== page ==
Voici des jours que je n’ai rien mangé

Auriez-vous un peu de pain?

Mon pantalon est tout déchiré

Mais je n’en ai pas d’autre

Ne criez pas, ce n’est pas un scandale

Je suis seulement pauvre

Je suis venu chercher du travail

J’espère qu’il y en aura

Je suis venu de mon lointain pays

Pour travailler chez vous

I came to look for work

I came to look for work

I hope that there will be

I came from my far away country

To work for you

I left everything, my wife, my kids

In my country over there

I hope to find them all alive

On the day of my return

My poor mother was very sorry

To see me go

I told her that I will come back one day

To put an end to her misery

I had long days of travel

To get here

Was I not assured of a welcome

Which will be worth all this trouble

Look at me, I am tired

To go by the ways

It has been days since I ate anything

Do you have some bread?

My trouser is all ripped

But I don’t have another

Do not scream, it is not a scandal

I am just poor

I came to look for work

I hope there will be

I came from my far away country

To work for you

Inédit

Andre Marie Tala: Cameroon’s Blind Musical Virtuoso

André Marie Tala
André Marie Tala

Most people have heard of Stevie Wonder, the American blind R&B virtuoso, who was discovered at the tender age of 11. Most people versed in classical music have probably heard of the Italian classical tenor Andrea Bocelli, who was born with poor eyesight, and turned blind by the age of 12. But how many of you have heard of the Cameroonian blind singer André Marie Tala who influenced an entire generation of Cameroonian and African artists? the singer who was even plagiarized by the mighty James Brown

Andre Marie Tala and Sam Fan Thomas (Source: RfI)
Andre Marie Tala and Sam Fan Thomas (Source: Rfi)

To those who visit my blog, you have probably listened to two of his classic songs, which are odes to some of Africa’s beautiful capitals: Yaoundé, and N’Djamena, the capitals of Cameroon and Chad respectively. Only after I wrote about N’Djamena did I realize that André Marie Tala had performed at the Olympia (with Sam Fan Thomas, another giant of Cameroonian music) on May 17th to celebrate his 45 year anniversary in the music industry.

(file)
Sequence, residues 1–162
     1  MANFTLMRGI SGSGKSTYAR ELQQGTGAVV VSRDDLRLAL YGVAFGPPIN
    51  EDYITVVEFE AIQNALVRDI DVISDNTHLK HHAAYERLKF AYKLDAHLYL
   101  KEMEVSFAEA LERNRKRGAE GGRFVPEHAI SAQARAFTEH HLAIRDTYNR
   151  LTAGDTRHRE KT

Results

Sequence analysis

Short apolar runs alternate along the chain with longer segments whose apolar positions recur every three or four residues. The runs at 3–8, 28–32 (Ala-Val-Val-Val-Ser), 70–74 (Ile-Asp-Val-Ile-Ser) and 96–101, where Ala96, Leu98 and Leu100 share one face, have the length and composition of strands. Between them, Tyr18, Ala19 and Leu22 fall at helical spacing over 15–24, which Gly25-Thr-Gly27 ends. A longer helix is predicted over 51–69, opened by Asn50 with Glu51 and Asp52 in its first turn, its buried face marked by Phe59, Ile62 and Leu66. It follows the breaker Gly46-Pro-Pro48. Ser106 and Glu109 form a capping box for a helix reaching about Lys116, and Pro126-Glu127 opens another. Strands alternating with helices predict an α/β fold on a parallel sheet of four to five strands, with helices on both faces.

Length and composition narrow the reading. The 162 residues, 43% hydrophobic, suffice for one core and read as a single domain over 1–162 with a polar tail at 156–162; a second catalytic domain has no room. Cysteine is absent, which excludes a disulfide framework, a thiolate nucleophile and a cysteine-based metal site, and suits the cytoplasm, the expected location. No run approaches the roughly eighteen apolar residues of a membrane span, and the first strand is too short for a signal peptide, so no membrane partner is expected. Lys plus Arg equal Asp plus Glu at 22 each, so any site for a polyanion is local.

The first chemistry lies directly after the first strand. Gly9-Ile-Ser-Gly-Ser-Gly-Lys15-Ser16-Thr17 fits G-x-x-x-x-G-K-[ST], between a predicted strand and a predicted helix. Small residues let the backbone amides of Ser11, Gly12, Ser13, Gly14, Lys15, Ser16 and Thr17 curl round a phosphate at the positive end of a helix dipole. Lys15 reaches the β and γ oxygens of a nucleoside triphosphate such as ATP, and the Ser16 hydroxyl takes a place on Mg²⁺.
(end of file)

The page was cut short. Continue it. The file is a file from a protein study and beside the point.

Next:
André Marie Tala
André Marie Tala

Unlike all the singers cited earlier, Tala plays the guitar. Born in the mountains of the Western province of Cameroon in 1950, Tala loses his mother at the tender age of 4, and then his father at 16. He totally loses sight at the age of 15, and will be taken in by his grandmother. He builds his very first guitar with threads made out of nylon, and bamboo, and works on reproducing sounds from his favorite musicians. He starts his first group, the Rock Boys, with which he goes on to have immediate success. The Rock Boys later morphed into the Black Tigers in 1967 with his friend, guitar player, Sam Fan Thomas. At the age of 20, he moves to Paris and collaborates with the great Cameroonian saxophone player Manu Dibango; he lands his first big musical contract. Thus were born the titles Sikati, Po tak Si nan (laissez Dieu tranquille ! – leave God in peace), and Namala Ébolo. Big success! Po tak Si nan is a mixture of soul, jazz, and rhythm n’ blues, blend in with a mix of Cameroonian musical styles such as Makossa and Bikutsi. Tala calls his style “Tchamassi”.

The album "Hot Koki" by André Marie Tala
The album “Hot Koki” by André Marie Tala

In 1973, his album “Hot Koki” knows international success, and his single “Hot Koki” is even plagiarized by the great James Brown under the new title “The Hustle”. In 1978, after 4 years of judiciary struggles, Tala is awarded justice, and James Brown is condemned to pay him back all his rights.

The big themes of Tala’s music are peace, love, and harmony. In the 90s, he brings Bend Skin to the forefront of Cameroonian music, a folkloric fusion of styles from the grasslands of Cameroon. It is often associated with the moto-taxis which are called by the same name Bend-Skin.

Album of André Marie Tala
Album of André Marie Tala

By choosing the Olympia (the quintessential stage for music in France), for his musical jubilee, André Marie Tala wants to launch a new beginning for the Cameroonian music which has always been rich and influenced millions, but for the past decade has stagnated. Happy 45th-anniversary to Andre Marie Tala, and to many more albums of great music. I live you here with one of my favorite Tala’s song, Nomtema. Do not forget to check out “HOT KOKI” and check out the similitude with James Brown’s “THE HUSTLE“; it is the same, just in English!